'But we may also need to think bigger,' Kerry said. 'I think we need a constitutional amendment to make it clear once and for all that corporations do not have the same free speech rights as individuals.'
While, undoubtedly, Justice Scalia would be proud of Senator Kerry for actually changing the constitution's text to effect a change in its meaning, I can't imagine a bigger third-rail for the Senior Senator than running on a platform of "let's fix the first amendment."

More likely than not, Citizens United will be somewhat curtailed by a more mundane act of Congress. Proposals have ranged from requiring shareholder approval of any corporate campaign spending to preventing corporations from listing on exchanges if they fund campaign speech. Whether such an act will withstand the scrutiny of SCOTUS' all seeing eyes is another question (but commentators seem to say no).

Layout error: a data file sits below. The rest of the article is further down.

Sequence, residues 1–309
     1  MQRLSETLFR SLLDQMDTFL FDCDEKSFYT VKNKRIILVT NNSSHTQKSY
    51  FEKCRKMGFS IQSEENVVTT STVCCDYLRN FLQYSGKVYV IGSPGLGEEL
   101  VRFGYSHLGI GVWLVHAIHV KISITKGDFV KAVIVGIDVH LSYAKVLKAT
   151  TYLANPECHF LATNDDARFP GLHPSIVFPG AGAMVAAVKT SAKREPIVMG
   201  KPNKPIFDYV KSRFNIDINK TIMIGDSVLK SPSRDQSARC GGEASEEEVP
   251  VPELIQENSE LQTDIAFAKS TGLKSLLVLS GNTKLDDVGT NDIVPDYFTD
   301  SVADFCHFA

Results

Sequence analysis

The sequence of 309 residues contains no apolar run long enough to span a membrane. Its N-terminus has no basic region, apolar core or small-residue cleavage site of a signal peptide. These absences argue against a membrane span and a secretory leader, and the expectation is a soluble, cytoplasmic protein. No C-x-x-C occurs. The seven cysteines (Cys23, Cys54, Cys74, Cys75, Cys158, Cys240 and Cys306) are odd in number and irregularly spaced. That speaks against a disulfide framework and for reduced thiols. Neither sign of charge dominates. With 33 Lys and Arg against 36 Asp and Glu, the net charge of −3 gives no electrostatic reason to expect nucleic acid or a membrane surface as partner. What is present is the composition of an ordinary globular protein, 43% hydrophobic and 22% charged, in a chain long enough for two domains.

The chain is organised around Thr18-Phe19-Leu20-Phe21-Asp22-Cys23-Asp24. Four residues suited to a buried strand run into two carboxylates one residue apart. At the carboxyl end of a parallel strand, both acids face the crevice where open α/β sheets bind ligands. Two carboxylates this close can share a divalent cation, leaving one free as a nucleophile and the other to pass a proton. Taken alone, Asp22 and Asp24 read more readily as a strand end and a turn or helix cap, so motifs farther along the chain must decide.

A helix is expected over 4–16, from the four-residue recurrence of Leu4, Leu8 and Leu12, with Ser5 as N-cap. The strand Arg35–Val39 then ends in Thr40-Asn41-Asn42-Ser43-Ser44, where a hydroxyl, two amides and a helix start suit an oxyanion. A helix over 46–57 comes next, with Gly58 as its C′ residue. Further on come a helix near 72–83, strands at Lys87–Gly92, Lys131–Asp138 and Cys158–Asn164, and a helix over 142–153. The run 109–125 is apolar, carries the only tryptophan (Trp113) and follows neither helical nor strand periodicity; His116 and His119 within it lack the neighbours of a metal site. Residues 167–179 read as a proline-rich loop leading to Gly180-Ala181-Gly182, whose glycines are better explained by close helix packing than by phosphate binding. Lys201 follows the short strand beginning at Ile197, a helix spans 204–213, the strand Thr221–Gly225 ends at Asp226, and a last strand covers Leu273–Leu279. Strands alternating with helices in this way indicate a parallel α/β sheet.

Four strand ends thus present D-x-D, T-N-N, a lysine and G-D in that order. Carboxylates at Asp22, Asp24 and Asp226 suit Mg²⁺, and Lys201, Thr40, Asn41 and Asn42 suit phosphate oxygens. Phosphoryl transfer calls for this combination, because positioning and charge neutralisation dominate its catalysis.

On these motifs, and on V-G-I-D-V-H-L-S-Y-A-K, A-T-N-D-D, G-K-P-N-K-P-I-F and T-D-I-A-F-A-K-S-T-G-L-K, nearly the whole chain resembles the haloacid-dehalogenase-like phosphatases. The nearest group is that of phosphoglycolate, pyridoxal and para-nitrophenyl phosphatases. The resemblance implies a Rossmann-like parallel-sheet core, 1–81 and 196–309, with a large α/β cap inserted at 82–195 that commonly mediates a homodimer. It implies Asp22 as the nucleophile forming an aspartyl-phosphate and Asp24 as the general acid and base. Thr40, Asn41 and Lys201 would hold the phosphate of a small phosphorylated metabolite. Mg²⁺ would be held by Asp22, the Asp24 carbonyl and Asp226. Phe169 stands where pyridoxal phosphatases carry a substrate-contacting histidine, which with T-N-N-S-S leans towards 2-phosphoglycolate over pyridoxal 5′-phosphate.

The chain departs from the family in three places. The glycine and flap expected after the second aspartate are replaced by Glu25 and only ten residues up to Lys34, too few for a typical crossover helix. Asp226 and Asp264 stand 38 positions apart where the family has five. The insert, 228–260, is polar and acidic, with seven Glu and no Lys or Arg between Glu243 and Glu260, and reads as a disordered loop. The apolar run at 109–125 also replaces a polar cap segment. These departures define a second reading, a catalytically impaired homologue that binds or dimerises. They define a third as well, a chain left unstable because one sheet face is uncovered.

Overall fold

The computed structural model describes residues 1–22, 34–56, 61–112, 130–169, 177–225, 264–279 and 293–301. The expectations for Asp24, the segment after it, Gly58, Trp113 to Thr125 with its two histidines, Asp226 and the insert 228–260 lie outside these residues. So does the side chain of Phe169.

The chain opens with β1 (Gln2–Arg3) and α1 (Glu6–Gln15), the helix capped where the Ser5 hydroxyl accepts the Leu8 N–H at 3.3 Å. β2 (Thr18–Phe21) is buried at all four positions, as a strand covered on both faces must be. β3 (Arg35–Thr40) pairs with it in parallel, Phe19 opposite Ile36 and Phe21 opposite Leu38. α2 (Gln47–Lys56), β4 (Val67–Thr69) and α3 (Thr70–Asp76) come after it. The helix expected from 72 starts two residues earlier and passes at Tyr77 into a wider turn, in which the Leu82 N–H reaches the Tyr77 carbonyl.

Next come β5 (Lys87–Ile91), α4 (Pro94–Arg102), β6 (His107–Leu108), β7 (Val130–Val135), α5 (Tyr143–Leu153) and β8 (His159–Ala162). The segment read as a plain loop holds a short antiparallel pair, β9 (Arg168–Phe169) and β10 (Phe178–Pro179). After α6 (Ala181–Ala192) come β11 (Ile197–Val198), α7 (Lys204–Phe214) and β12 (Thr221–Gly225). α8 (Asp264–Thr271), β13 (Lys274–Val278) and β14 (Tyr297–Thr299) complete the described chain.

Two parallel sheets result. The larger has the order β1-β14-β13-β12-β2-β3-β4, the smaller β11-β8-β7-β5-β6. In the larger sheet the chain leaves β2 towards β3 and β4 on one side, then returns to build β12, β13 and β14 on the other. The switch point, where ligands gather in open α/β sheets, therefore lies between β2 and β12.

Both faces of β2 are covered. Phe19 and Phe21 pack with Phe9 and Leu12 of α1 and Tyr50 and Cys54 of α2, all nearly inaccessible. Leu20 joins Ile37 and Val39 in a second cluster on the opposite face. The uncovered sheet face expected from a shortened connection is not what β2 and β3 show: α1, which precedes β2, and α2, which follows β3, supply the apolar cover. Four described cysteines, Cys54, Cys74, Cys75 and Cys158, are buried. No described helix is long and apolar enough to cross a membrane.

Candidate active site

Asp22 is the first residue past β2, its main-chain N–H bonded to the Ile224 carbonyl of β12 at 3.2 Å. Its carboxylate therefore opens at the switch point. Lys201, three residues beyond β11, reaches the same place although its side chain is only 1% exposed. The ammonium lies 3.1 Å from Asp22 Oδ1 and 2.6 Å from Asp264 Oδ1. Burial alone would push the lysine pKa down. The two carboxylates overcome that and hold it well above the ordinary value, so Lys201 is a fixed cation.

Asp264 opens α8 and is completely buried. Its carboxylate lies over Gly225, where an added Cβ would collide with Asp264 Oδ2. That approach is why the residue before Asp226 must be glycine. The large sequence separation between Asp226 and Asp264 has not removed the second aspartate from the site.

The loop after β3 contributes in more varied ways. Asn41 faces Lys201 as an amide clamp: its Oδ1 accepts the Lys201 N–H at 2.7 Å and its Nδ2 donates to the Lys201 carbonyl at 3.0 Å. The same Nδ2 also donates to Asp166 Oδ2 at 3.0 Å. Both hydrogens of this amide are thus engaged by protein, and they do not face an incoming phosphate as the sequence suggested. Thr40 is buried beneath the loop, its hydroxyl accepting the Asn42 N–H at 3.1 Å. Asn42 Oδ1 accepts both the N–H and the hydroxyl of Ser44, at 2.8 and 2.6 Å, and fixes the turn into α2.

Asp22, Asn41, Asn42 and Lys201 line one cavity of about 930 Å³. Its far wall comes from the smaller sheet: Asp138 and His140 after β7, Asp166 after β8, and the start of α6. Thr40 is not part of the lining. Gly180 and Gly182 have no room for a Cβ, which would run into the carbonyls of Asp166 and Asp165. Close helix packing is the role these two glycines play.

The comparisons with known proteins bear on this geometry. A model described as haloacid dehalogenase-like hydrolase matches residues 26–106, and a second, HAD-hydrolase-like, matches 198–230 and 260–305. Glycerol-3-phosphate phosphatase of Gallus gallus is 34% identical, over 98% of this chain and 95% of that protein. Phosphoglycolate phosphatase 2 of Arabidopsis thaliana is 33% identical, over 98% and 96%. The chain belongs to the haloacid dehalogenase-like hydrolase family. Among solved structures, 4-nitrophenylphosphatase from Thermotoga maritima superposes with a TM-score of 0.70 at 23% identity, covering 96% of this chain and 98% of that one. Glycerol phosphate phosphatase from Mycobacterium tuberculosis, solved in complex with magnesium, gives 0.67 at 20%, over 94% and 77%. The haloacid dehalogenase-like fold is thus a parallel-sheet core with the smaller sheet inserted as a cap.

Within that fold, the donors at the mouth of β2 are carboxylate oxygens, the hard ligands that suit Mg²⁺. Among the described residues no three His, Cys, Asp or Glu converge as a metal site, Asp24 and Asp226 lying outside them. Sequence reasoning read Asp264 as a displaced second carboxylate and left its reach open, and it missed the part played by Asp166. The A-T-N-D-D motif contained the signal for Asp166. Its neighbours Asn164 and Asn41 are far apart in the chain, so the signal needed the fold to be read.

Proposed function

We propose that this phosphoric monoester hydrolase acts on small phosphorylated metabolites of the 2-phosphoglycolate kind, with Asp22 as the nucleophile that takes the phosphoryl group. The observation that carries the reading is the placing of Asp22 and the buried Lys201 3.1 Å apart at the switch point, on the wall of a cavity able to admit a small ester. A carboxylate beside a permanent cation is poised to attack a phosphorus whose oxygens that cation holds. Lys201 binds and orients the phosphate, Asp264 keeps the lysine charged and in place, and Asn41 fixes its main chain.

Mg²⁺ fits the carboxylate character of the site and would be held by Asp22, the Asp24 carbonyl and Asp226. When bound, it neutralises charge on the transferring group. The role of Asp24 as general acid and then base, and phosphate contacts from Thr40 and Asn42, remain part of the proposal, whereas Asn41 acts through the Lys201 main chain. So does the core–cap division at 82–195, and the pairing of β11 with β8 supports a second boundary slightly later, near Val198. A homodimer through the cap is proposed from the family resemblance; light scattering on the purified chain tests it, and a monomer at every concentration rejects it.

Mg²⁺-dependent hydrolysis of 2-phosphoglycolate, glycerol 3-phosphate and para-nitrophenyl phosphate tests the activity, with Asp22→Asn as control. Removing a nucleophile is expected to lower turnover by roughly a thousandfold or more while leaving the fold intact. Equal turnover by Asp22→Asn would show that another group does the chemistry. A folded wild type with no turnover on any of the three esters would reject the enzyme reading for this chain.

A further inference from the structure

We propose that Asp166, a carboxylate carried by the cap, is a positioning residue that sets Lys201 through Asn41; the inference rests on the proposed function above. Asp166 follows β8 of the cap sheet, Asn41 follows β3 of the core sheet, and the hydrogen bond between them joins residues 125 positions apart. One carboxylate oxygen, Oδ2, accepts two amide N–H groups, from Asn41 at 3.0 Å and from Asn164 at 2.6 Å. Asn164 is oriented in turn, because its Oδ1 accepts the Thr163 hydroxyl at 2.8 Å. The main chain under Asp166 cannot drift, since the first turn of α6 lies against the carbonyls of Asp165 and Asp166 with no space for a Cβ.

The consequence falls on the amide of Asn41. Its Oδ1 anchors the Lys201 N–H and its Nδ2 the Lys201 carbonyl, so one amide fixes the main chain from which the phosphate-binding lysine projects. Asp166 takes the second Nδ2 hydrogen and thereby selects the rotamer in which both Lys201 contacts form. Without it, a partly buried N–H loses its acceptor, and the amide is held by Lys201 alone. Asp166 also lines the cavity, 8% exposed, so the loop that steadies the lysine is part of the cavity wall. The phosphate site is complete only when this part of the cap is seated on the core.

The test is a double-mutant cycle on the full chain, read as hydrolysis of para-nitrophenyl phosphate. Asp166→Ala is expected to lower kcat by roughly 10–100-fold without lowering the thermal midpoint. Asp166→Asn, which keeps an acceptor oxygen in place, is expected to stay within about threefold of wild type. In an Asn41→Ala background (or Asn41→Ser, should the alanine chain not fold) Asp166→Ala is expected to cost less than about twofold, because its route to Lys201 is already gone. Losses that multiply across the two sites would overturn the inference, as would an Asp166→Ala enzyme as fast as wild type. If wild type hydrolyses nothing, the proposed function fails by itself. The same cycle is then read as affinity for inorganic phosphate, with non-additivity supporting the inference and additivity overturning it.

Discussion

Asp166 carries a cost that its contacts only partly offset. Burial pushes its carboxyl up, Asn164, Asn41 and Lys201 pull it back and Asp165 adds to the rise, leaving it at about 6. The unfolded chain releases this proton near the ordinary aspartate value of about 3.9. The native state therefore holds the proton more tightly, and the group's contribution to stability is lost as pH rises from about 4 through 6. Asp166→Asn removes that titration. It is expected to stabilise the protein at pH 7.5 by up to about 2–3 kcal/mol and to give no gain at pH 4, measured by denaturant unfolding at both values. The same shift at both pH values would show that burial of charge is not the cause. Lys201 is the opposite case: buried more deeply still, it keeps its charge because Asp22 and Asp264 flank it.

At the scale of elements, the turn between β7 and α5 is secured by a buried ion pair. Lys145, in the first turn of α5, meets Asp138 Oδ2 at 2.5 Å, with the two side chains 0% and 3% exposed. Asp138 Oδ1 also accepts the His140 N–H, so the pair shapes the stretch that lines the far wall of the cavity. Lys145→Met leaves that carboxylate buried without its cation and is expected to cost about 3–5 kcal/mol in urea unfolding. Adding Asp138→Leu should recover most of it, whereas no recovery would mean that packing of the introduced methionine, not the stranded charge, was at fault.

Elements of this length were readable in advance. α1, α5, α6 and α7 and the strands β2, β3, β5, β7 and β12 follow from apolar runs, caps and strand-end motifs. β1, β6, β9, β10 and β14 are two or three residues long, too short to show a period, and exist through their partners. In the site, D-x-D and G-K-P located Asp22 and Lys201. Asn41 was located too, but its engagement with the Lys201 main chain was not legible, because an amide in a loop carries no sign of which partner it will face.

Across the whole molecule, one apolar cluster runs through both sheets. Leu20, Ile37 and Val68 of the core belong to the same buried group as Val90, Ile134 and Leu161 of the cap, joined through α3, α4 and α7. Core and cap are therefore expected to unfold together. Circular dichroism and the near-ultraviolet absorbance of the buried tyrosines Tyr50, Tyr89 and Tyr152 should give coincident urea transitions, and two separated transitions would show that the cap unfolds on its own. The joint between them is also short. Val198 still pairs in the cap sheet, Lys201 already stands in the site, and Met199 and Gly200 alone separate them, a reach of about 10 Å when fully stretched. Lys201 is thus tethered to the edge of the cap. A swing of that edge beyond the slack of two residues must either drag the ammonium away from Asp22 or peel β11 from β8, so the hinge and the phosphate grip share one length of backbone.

So we may be in for a show. Hopefully the 28th Amendment will be a little more spicy than the underwhelming 27th Amendment.

Tuesday, February 2, 2010

Historic Redline - Early Draft of U.S. Constitution Found in Philadelphia

Historians in Philadelphia were perusing some of the more than 21 million documents in the Historical Society of Philadelphia's collection when they stumbled upon what appeared to be an original draft of the U.S. Constitution. From the Inquirer Journal:
Researcher Lorianne Updike Toler was intrigued by the centuries-old document at the Historical Society of Pennsylvania. On the back of a treasured draft of the U.S. Constitution was a truncated version of the same document, starting with the familiar words: "We The People. . . ."